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“We Worked With as Many BIPOC Womxn Crew Members as Possible, Whenever Possible!”: Linda Goldstein Knowlton on We Are The Radical Monarchs

We are the Radical Monarchs

The Black Panther Party, with its firm commitment to nourishing and nurturing the children of Oakland’s barely served African-American community, was founded all the way back in 1966. So it’s a bit shocking that it took nearly half a century later for the Radical Monarchs to be born. Or maybe not. After all, historically, queer women of color — like the Monarchs’ tireless co-founders Anayvette Martinez and Marilyn Hollinquest — had never been given leading roles in the Black Panther show.

Fortunately, dedicated feminist and filmmaker Linda Goldstein Knowlton and her all-female team (including EP Grace Lee) are now shining a documentary spotlight on Oakland’s newest (youngest) activist movement: an alternative to the Girl Scout Brownies for girls of color that can go from toasting marshmallows to marching for Black trans lives in a single bound. Or as 8-year-old member Amia puts it at the start of the film, “Something about social justice that is fun is that we get to kind of make history — or “herstory” as we like to say it. And we get to be one tiny little part of it. ‘Cause we all know that a lot of tiny little parts can equal one big part.” (That said, by the time of the troop’s trip to the state capitol to lobby lawmakers at the end, it’s pretty clear these girls’ ambitions are far from tiny. Amia for one takes a spin on the marble floor and sighs, “I was meant to be here.” Out of the mouths of radical babes indeed.)

Filmed over three years, including both before and after the 2016 presidential election, We Are The Radical Monarchs follows not just the third-through-fifth graders as they earn their badges (in such subjects as “radical beauty,” “radical bodies,” and “radical roots”), but also goes behind the scenes with the scrappy cofounders who put their day-job skills in community advocacy and organizing to work. In other words, Hollinquest and Martinez have found a way to harness willpower in lieu of financing to expand BIPOC girl power into a nationwide revolution.

Prior to the doc’s July 20th airing on POV, Filmmaker reached out to the Emmy Award-nominated director to learn more about the inspiring project, including shooting with underage characters and ensuring diversity behind the lens.

Filmmaker: So how did you first encounter the Radical Monarchs and decide to follow not just the troop but the tireless cofounders leading these fierce (and adorable) girls?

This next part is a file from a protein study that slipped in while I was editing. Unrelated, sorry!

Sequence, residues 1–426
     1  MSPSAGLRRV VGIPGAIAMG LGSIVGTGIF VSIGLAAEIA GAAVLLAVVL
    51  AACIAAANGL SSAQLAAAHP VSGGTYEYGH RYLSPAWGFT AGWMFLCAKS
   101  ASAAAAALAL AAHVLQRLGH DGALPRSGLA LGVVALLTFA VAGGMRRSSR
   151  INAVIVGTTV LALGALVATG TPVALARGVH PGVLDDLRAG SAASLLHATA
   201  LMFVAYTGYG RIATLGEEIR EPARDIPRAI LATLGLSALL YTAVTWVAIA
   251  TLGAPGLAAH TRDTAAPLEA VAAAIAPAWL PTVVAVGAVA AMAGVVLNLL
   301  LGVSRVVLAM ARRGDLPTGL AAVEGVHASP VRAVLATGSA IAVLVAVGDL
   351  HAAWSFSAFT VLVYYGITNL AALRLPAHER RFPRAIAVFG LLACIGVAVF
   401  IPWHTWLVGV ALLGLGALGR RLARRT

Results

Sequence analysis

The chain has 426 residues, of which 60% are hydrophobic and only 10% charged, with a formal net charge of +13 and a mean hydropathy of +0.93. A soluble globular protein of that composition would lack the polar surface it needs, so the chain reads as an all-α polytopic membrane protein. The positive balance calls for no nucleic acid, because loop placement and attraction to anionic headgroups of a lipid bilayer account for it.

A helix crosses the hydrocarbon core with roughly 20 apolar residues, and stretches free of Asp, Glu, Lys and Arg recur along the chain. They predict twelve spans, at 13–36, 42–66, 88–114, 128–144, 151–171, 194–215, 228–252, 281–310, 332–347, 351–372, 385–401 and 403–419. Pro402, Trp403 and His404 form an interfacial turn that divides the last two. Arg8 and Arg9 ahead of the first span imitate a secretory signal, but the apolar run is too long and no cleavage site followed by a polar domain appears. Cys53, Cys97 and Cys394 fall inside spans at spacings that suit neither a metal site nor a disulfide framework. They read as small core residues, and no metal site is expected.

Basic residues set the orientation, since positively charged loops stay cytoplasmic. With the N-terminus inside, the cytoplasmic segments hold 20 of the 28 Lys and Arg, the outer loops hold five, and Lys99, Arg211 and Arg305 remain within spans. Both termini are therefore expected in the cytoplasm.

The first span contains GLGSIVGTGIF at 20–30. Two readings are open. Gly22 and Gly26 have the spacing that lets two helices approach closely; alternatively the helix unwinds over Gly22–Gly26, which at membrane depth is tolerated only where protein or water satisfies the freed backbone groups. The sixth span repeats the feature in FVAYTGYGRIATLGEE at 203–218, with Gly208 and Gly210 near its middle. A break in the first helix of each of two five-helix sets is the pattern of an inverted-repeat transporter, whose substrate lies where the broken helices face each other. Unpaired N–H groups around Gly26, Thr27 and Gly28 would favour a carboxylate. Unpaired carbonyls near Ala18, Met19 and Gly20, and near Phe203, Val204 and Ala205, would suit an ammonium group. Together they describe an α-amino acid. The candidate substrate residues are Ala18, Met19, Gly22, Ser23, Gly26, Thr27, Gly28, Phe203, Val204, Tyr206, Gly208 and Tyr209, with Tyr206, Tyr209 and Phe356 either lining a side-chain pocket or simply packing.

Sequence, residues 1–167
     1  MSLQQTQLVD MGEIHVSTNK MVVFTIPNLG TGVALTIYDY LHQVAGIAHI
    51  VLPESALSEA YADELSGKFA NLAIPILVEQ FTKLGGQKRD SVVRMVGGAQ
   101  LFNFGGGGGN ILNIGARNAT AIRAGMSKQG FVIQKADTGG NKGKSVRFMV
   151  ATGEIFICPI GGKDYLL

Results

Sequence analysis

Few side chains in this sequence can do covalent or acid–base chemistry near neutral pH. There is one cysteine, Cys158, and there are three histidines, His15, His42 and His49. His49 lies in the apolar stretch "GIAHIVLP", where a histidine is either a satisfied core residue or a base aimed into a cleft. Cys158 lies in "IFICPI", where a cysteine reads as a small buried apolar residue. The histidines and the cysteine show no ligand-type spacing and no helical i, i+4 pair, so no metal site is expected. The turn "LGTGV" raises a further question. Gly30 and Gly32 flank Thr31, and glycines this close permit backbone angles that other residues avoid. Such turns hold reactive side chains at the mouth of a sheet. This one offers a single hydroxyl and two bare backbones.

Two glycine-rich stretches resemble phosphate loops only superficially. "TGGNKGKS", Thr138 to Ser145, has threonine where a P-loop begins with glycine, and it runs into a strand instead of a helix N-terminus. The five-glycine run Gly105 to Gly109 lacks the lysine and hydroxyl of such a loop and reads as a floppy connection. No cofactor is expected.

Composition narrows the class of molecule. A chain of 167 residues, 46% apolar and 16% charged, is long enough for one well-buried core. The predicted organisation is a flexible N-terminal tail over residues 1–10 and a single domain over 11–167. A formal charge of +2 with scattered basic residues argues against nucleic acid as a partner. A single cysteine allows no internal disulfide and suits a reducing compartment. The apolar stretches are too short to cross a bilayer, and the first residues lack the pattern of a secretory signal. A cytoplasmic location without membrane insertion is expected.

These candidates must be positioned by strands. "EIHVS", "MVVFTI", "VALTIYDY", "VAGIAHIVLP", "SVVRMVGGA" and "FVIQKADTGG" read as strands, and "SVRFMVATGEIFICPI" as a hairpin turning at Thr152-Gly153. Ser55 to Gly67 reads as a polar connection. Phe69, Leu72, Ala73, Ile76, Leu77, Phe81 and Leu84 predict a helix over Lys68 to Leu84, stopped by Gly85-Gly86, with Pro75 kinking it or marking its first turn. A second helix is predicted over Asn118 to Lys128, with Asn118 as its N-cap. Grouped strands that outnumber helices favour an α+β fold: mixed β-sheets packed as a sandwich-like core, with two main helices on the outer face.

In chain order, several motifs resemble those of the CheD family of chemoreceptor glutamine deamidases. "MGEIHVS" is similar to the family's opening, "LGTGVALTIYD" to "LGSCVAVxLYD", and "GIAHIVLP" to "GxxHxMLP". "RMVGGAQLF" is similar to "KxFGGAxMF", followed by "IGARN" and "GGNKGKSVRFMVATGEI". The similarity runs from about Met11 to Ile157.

Knowlton: I first read an article (“Radical Brownies: is this the future of girl groups?”) about the Radical Monarchs and their cofounders in The Guardian in January of 2015. They had just formed in December of 2014 with a group of 12 girls. They received a slew of press after they were photographed marching in the Oakland Black Lives Matter march – wearing their Black Panther-inspired berets and carrying a banner that read “Radical Brownies” (the group’s original name). I read their mission and vision statements and felt incredibly inspired. I mean, how could I not be? Their mission statement says, “The Radical Monarchs create opportunities for young girls of color to form fierce sisterhood, celebrate their identities and contribute radically to their communities.” Their vision statement says, “The Radical Monarchs empower young girls of color so that they stay rooted in their collective power, brilliance, and leadership in order to make the world a more radical place.”

From the beginning I knew I wanted to follow Anayvette Martinez and Marilyn Hollinquest — the organization’s cofounders — to see how two women who started a group for 12 girls would respond to the pressures of being asked to create troops across the country. At the time, both worked 60-hour weeks as community organizers, plus were taking care of their own families. And when they received requests form over 200 cities across the US for troops, they were basically being asked to start a movement. The biggest change to my initial idea of “a year in the life” of starting a movement was that we followed them for three-and-a-half years.